The members of a Maine-based church mission went to Nepal six weeks ago to help residents of the developing country build a better life. Their journey has taken on a much more urgent and potentially life-saving purpose in the wake of Saturday’s deadly earthquake.

Josh Lebel, director of 360 Maine – the faith-based organization that sponsored the trip in conjunction with the New Life Church of Biddeford and Youth With A Mission, an international nonprofit Christian organization – said Monday he has kicked off an online effort to raise enough money to rent trucks in the devastated region and fill them with food, water, tents, blankets and survival gear.

If it can raise enough money on the social media website GoFundMe, the Biddeford group will deliver the supplies to a district near the epicenter of the magnitude-7.8 quake, which reportedly killed more than 4,000 people.

When Saturday’s earthquake struck, the 360 Maine mission members were staying in Pokhara, a remote mountain village. Though they felt the quake, Pokhara’s residents escaped with far less damage than Gorkha, a sprawling Nepalese district that Lebel said has been cut off from relief efforts because roads leading into it from Kathmandu, the capital and largest city, have been blocked by landslides.

Lebel said the 360 Maine mission, which may be extended beyond its original May 9 finish, has an opportunity to be among the first to deliver aid to the isolated district, which has more than 270,000 residents. Thousands of homes and schools in Gorkha were destroyed.

“Our team is safe. That was my main concern, but right now 100 percent of the (humanitarian) aid and support is going to Kathmandu and not much of that is coming out,” Lebel said Monday. “We have a very strategic opportunity here to access and bring supplies to Gorkha.”

As of Monday night, 360 Maine had raised more than $1,400 for the relief effort. Lebel said his goal is to raise $20,000.

According to its website, 360 Maine is a “discipleship training school that provides an opportunity for young adults to set aside a season of their life to seek the Lord and his will for their life.” Students spend most of the year after graduating from high school interning with a local pastor before traveling overseas.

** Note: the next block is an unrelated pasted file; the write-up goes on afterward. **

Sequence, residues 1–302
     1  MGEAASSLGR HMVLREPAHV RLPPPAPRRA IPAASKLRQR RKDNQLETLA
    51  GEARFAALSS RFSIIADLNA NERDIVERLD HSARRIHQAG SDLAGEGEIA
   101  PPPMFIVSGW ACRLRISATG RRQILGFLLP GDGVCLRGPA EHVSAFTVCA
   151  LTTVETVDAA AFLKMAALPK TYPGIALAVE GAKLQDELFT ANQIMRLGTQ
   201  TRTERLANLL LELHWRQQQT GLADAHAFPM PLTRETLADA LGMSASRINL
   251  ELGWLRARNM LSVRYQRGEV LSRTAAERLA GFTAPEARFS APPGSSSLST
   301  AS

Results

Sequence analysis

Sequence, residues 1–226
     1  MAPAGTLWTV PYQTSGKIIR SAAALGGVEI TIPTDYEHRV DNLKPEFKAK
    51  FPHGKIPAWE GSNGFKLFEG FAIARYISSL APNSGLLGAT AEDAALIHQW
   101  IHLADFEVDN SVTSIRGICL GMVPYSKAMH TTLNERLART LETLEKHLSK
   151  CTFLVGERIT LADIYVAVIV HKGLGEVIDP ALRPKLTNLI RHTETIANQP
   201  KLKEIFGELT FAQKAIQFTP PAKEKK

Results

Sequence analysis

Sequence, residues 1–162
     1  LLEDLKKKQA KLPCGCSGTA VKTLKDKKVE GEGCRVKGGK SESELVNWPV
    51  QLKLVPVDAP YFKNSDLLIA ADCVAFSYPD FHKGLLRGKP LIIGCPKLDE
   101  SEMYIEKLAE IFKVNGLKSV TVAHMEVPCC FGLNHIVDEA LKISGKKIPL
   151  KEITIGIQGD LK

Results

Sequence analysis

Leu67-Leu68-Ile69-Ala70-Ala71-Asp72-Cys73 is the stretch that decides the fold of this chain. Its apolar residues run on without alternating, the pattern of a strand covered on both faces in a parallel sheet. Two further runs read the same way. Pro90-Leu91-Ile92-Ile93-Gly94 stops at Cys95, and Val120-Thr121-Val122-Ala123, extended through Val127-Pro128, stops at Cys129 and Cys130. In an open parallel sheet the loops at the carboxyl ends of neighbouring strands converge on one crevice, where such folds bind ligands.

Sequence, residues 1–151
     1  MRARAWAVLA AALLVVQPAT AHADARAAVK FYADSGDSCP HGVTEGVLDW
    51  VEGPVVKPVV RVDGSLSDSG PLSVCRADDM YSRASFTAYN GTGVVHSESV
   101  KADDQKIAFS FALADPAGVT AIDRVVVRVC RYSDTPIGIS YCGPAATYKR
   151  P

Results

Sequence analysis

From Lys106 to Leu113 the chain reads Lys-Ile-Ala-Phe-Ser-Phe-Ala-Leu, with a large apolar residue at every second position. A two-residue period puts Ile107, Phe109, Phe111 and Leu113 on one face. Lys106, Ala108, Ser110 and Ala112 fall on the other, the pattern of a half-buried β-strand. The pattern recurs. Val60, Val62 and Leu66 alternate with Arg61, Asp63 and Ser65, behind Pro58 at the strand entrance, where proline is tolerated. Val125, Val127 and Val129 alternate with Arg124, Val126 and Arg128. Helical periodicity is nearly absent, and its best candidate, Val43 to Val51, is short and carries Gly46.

Ben Hichens of South Berwick and Julia Howard of Plaistow, New Hampshire, are members of the group in Nepal. The remaining team members include: Cassidy Gaver of Olympia, Washington, Caitlyn Bennett of Cleburne, Texas, and Hannah VanDuzee of Hamlin, New York.

The 360 Maine program is a gap-year program for recent high school graduates that is designed to prepare them for college and help them figure out what they want to do with their lives. The nine-month program ends with a mission to Nepal, where the graduates participate in community projects such as building stone walls to protect livestock and constructing water filtration systems.

On this mission, the students were accompanied by Garett Collins and Emily Rupp, members of the 360 Maine staff. Lebel had been with the team but returned to Maine on Friday – the day before the earthquake struck.

“It has been a mixed bag of emotions for me,” said Lebel, who has been conducting missions to Nepal for the last three years. “I have friends over there who I haven’t heard from.”

Hichens, 19, is a 2014 graduate of the Seacoast Christian School in South Berwick, where his parents, Calvin and Ivy Hichens, live.

Calvin Hichens said he hasn’t seen a lot of his son over the last nine months because Ben lives in Biddeford during the school year and left for Nepal in March. But he was relieved to hear from Lebel, who called early Saturday morning to tell him that his son and the rest of the group were safe following the earthquake.

“(Ben) sent us an email this morning letting us know he was doing fine,” Hichens said Monday night.

Hichens said his son is excited about being able to help the victims of the earthquake.

“He went over there for other reasons, but I have to believe that God had other plans for him,” Hichens said.

Rachel and John Howard’s daughter, Julia, has sent three emails assuring her parents that she is safe.

She is a recent graduate of Timberlane Regional High School in Plaistow. When she left to go to Nepal, her mother said her 19-year-old daughter was trying to figure out what God had planned for her life. She said the earthquake seems to have transformed her daughter and her companions’ way of thinking.

“I think they are beginning to recognize that they are in the right place at the right time,” Rachel Howard said. “Rather than thinking about how do we get out of here, they are thinking how can we help these people out.”

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